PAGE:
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shakespeare is good tho

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Well, now he has another reason not to change his mind. Seems unwise, even if he's right about everything.

What does "an action that harms another agent" mean? For instance, if I threaten to not give you a chicken unless you give me $5, does "I don't give you a chicken" count as "a course of action that harms another agent"? Or does it have to be an active course, rather than act of omission?

It's not blackmail unless, given that I don't give you $5, you would be worse of, CDT-wise, not giving me the chicken than giving me the chicken. Which is to say, you really want to give me the chicken but you're threatening to withhold it because you think you can make $5 out of it. If I were a Don't-give-$5-bot, or just broke, you would have no reason to threaten to withhold the chicken. If you don't want to give me the chicken, but are willing to do so if I give you $5, that's just normal trade.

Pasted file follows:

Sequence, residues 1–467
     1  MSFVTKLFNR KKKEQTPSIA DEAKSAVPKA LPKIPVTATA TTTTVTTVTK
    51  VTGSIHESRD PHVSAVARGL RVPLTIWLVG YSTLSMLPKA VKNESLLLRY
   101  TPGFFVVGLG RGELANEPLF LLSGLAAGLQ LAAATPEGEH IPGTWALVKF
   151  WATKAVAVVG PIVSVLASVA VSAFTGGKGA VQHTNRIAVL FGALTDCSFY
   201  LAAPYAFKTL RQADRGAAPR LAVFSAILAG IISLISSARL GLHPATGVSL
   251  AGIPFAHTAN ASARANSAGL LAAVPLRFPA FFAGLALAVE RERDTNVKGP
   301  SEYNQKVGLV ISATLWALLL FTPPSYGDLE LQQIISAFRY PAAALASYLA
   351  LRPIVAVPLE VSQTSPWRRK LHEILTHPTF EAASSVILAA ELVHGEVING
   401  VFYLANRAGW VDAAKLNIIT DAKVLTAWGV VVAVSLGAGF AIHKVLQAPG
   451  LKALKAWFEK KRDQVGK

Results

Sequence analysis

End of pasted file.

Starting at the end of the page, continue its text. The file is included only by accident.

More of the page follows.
Bob Dylan's new album ("Tempest") is perfect. At the time of posting, you can listen to it free on the itunes store. I suggest you do so.

On another note, I'm currently listening to all the Miles Davis studio recordings and assembling my own best-of list. It'll probably be complete by next month, and I'll be happy to share the playlist with anyone who's interested.

Thomas Bergersen is just wonderful. Also, I've been listening to a lot of Miles Davis (I'm always listening to a lot of Miles Davis, but I haven't posted in one of these threads before). I especially recommend In a Silent Way.

Murakami is still the only currently living master of magical realism

Salman Rushdie. Salman Rushdie Salman Rushdie Salman Rushdie. Salman Rushdie.

If you haven't read much other Italo Calvino, "Invisible Cities" is really, really, really great.

I have to say, as a more-or-less lifelongish fan of Oscar Wilde (first read "The Happy Prince" when I was eight or nine), that the ending to Ernest is especially weak. I like the way he builds his house of cards in that play, and I like the dialogue, but (and I think I probably speak for a lot of Wilde fans here), the way he knocks the cards down really isn't all that clever or funny. For a smarter Wilde play, see "A Woman of No Importance", although his best works are his childrens' stories, "The Picture of Dorian Grey", and "Ballad of Reading Gaol" (although it is not, in fact, the case that "Every man kills the thing he loves".)

(Also I should mention that I recently reread "The Code of the Woosters" and laughed myself inside-out.)

You sure about this?

Nope, not sure at all.

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